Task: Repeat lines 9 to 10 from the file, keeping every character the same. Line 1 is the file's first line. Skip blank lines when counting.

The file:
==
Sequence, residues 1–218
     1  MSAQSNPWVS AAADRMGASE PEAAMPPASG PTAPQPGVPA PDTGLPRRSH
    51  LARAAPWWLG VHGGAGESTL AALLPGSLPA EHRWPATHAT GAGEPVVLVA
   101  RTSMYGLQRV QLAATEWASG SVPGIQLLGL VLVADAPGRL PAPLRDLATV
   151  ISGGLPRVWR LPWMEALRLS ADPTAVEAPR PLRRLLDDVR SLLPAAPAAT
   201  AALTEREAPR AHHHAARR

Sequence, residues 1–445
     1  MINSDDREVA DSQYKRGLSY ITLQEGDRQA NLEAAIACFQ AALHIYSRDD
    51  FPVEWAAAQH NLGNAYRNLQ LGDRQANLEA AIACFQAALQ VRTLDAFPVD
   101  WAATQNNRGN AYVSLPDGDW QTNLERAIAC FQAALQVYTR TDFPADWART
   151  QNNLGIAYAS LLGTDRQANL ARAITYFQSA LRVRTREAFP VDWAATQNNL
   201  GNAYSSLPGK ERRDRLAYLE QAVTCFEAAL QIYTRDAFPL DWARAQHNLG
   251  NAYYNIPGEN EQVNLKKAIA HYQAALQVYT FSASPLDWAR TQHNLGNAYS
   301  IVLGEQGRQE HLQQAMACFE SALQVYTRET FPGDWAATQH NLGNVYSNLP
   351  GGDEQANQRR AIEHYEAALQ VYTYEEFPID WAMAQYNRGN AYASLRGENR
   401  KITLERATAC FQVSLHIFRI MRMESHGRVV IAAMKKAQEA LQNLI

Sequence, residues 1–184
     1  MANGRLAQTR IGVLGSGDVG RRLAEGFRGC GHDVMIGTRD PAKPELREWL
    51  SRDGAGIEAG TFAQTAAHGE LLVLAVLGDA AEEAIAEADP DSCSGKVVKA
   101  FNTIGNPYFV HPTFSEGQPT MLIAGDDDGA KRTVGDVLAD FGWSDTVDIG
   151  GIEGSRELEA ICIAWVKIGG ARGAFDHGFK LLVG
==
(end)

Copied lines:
    51  FPVEWAAAQH NLGNAYRNLQ LGDRQANLEA AIACFQAALQ VRTLDAFPVD
   101  WAATQNNRGN AYVSLPDGDW QTNLERAIAC FQAALQVYTR TDFPADWART